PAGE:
Should State Colleges be free to attend?

Gabbie Byers, Journalism 1 Staff

Growing up and going through public as opposed to private school, money has never been a factor in my education. Now that I’m halfway through high school, I’m constantly asked what college do I want to go to and what do I want to do later on with my life (because that’s what high school is preparing us for). What high school isn’t preparing me for, though, is how to afford college, which isn’t free like the 13 years before it.

The reality now is that in the job world you need a college degree to get a good job that you can actually make a living with. However 62% of Michigan students surveyed say they can’t afford to go to a state college. How do we expect our generation to be able to go through college and get a good job to help out the economy when they can’t afford it?

I have one working parent with 3 other siblings; it will obviously be very difficult for all of us attend a good college to be able to succeed at the level we are expected to do. Yes, there are grants and scholarships, but it’s becoming common knowledge that it’s more difficult to receive them than ever before, especially in a competitive high school like Northern.

Lots of people have a dream college; I would love to go to a Chicago school, but I know my family and I are already going to have trouble putting me through a state college, let alone paying out of state tuition. Tuition at the University of Chicago for me would be $50, 997 per year. In contrast, WMU is currently at $21,198 with the cost going down to $11,493 if I stayed at home. That’s still a debt of at least $45,972 if I graduated in 4 years…more than many first-year salaries for the jobs I could get with just a Bachelor’s degree.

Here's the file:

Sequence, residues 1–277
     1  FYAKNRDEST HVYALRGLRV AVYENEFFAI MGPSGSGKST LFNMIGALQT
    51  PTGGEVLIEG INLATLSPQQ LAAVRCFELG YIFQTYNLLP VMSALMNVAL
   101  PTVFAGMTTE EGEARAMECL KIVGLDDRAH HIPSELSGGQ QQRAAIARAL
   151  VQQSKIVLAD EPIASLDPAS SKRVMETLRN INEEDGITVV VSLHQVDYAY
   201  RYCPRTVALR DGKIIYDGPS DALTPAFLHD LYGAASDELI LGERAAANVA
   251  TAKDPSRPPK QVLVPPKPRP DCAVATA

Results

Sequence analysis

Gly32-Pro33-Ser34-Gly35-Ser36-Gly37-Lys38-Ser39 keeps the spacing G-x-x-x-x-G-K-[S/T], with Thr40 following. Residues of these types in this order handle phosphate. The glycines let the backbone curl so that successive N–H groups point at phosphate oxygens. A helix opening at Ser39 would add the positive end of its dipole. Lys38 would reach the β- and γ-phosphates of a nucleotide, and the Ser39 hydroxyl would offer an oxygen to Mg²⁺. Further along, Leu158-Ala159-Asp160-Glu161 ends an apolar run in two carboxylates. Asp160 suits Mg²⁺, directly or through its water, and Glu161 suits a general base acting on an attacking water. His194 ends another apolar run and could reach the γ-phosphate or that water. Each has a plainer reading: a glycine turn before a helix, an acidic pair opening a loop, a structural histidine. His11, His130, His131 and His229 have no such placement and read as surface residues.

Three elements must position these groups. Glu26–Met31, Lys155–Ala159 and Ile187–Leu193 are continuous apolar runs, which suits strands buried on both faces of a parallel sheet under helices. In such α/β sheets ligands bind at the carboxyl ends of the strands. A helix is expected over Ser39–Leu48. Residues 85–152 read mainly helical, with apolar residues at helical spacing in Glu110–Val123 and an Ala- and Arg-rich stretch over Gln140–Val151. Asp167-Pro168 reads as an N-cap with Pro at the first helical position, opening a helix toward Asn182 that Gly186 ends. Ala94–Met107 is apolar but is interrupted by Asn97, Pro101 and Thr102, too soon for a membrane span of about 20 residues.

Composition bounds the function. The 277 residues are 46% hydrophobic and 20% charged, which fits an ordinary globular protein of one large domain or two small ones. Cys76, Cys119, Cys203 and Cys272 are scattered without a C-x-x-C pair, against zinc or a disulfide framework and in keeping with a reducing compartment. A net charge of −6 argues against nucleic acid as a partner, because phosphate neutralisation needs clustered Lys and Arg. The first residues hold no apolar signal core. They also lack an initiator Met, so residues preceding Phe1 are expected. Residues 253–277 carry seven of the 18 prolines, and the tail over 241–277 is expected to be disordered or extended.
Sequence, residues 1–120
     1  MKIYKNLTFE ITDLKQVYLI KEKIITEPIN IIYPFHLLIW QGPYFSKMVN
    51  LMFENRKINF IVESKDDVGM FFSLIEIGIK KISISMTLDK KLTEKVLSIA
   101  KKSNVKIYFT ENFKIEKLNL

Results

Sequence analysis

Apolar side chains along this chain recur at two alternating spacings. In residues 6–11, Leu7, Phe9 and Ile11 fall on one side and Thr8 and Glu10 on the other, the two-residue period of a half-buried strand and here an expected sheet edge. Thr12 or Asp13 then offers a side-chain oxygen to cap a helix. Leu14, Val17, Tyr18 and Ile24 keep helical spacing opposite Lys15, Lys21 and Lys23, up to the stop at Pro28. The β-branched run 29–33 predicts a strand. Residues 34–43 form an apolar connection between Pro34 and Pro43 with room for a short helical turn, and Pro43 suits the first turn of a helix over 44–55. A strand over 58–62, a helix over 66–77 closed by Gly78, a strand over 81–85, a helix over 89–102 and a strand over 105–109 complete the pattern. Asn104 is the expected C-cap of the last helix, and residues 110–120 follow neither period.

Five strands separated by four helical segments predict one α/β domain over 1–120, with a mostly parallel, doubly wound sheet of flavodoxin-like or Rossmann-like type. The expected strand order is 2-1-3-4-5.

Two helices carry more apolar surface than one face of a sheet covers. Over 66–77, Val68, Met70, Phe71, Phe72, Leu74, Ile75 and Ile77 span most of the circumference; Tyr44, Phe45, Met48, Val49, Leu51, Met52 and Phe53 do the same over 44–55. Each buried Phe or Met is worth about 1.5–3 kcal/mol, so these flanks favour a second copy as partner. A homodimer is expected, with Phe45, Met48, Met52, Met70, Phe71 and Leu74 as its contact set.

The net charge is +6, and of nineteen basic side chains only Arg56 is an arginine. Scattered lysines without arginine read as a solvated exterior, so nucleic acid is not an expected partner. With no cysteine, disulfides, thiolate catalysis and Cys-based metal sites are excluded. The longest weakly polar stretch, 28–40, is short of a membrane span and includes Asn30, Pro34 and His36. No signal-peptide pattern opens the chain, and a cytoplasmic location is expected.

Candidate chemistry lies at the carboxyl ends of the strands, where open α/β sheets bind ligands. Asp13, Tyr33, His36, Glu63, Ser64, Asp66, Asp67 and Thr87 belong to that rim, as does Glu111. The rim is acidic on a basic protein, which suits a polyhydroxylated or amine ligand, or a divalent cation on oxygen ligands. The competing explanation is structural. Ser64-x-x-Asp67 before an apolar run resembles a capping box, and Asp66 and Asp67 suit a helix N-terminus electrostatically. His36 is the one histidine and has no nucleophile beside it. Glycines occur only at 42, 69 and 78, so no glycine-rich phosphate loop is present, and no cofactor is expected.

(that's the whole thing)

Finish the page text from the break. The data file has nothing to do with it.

If state colleges were free, even for just low-income students, there would be so much less stress in family homes and more opportunities for the people who want to succeed to do so. If someone wants to go to an out of state college, then they can pay the prices of a out of state school, which will still allow colleges to make vast amounts of money. Even reducing tuition and still expecting students to pay the full price for books, fees, etc. would greatly help young people not just go to college but start a life debt-free after they graduate. There’s a future for everyone out there, and the high cost of college has too many would-be students not going as far as they could in life and simply going to work at a fast food joint then sleeping the rest of the day on their parents’ couch.

Grace Cummings (10) feels the burden of paying for college. “My parents expect me to go to college, but I have to pay for it by myself. It’s a big stress factor in my house,” she said. Cummings is also expected to get straight A’s throughout high school and be committed to a sport, but to top it off, she will need to get a job to start saving up to be able to put herself through a in state college. Her parents have lived in Michigan her entire life, they pay taxes, and she’s a straight A student and hard worker. Letting more students like her attend an in state college for free will allow them to do something for not only themselves, but get a good job after that to support their families and other people in the community as well.